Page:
Five Quick Questions with Alexander Yellen

The American Society of Cinematographers (ASC) defines cinematography as:

A creative and interpretive process that culminates in the authorship of an original work of art rather than the simple recording of a physical event. Cinematography is not a subcategory of photography. Rather, photography is but one craft that the cinematographer uses in addition to other physical, organizational, managerial, interpretive and image-manipulating techniques to effect one coherent process.


B movie Cinematographers have many challenges while working with directors, lighting, cameras, production designers, and basically every department to make sure the film comes out perfect.  In addition, the Cinematographer has yet a bigger challenge when there’s no VFX supervisor on set especially in CGI heavy films.

They are the heart of films and must be a patient person and a perfectionist.  Alexander Yellen has been a Cinematographer for almost a decade and has worked on almost fifty titles.


What motivated or encouraged you to become a cinematographer?

ALEX: I became interested in still photography at a pretty early age, playing with mother’s cameras and later learning the basics from her. She has always been a pretty avid amateur photographer and I think flirted with the idea of becoming a professional on a few occasions. She got me my first film SLR when I was 13 and through high school I rarely went anywhere without it. I also ran a small photography business shooting events and processing and printing in my basement. When I got to college I took a couple of film classes, which at Wesleyan are quite good, and having also always loved movies became immediately interested in the process of shooting them. I immediately took to moving camera work and on the advice of a professor shot several other students’ thesis films. I left college feeling that perhaps I could make a career of this hobby and have been very fortunate to have thus far supported myself doing what I love while continuing to grow and progress in the business. The whole story is a quite a bit longer but if you really want to hear it, let me know.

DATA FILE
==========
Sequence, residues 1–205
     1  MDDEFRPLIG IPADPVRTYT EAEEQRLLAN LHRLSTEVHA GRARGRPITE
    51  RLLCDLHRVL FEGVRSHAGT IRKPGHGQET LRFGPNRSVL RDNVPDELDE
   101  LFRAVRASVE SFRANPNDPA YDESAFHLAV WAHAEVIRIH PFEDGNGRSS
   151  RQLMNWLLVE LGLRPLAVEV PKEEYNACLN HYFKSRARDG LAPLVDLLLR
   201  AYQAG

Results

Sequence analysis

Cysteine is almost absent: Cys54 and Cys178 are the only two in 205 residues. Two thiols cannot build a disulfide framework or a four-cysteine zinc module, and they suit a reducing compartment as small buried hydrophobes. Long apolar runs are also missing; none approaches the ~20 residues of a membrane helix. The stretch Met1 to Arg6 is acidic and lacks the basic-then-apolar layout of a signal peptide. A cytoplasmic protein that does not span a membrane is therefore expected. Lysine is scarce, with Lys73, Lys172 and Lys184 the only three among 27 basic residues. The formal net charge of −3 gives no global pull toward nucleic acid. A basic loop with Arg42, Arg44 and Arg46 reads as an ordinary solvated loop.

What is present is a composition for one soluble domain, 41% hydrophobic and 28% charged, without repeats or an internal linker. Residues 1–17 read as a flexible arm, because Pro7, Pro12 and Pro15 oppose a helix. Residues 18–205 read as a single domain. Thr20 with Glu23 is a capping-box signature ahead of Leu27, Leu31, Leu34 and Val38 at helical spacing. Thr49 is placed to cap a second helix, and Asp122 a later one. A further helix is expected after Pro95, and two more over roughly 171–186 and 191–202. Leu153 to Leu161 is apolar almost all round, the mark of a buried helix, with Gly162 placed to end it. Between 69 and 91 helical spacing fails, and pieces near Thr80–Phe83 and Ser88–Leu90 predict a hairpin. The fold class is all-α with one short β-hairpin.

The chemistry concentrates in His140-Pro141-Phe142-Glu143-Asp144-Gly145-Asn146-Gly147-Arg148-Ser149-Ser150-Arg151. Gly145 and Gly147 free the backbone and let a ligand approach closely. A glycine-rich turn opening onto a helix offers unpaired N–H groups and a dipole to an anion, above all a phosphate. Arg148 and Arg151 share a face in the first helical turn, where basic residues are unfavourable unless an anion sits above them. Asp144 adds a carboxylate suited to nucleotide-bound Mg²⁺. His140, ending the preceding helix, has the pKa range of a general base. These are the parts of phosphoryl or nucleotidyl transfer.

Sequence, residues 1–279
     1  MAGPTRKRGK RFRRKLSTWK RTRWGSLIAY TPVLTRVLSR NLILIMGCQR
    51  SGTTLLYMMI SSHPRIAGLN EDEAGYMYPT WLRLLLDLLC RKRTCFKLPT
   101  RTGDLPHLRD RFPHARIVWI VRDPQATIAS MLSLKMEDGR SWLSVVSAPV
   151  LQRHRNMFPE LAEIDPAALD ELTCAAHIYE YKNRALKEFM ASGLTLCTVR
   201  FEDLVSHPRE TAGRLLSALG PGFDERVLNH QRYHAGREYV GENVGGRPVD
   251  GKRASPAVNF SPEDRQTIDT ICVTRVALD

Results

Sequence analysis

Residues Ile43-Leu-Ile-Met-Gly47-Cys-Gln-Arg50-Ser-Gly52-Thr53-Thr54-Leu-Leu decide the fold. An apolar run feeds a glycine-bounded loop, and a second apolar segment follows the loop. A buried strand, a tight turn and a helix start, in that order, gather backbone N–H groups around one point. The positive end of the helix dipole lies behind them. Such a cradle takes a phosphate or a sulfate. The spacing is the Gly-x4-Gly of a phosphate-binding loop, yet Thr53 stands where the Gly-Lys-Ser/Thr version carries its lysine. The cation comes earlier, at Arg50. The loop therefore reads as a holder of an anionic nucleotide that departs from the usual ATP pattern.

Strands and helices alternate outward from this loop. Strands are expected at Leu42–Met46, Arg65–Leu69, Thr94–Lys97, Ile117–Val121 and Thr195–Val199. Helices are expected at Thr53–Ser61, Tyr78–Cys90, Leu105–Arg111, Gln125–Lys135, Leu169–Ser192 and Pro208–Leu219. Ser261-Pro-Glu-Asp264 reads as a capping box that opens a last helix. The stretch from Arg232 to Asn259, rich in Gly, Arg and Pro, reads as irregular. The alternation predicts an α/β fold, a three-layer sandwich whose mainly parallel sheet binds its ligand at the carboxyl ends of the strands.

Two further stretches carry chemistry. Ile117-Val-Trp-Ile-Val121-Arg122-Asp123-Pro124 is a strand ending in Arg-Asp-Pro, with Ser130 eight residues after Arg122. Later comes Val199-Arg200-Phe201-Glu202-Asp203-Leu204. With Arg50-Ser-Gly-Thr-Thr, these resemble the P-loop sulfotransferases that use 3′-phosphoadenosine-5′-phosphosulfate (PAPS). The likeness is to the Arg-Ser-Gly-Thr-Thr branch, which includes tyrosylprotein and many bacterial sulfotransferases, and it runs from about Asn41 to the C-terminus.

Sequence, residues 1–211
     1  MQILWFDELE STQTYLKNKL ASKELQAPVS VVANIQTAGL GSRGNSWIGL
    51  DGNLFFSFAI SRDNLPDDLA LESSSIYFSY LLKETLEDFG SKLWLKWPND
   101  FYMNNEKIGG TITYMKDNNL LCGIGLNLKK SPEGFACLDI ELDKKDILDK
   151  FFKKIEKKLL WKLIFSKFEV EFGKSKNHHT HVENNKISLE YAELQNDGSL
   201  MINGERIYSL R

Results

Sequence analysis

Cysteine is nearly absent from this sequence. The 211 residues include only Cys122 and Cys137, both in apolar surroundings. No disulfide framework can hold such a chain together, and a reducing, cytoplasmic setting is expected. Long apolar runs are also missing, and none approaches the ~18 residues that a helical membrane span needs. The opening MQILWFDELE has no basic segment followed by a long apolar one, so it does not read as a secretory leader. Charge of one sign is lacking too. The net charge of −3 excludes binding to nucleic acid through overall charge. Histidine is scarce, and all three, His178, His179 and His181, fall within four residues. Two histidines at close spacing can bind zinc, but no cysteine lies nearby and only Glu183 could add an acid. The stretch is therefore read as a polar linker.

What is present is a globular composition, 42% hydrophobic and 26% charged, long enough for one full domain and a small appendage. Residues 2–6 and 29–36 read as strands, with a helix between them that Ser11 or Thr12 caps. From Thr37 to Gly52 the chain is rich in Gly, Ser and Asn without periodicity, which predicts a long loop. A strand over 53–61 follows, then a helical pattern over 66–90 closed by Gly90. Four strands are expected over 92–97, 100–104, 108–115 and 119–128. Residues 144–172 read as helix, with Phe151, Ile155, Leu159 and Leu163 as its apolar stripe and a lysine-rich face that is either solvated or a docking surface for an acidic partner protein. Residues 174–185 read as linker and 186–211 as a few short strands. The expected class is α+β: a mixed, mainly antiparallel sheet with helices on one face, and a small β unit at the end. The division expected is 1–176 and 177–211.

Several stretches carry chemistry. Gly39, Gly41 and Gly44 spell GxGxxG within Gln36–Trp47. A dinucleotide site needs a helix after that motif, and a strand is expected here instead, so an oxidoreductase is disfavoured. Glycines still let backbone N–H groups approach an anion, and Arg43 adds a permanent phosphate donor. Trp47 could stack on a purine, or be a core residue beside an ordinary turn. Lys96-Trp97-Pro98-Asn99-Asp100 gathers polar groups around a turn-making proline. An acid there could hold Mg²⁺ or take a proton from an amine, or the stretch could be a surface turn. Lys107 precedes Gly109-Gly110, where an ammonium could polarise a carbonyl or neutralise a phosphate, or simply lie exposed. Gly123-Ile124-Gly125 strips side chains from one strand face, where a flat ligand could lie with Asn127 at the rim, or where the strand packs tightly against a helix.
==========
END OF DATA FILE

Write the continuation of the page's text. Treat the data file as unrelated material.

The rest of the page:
“Grimm’s Snow White” was filmed in Austria at castles and in the woods, which appeared to be far from “civilization”. How challenging was it to do Snow White?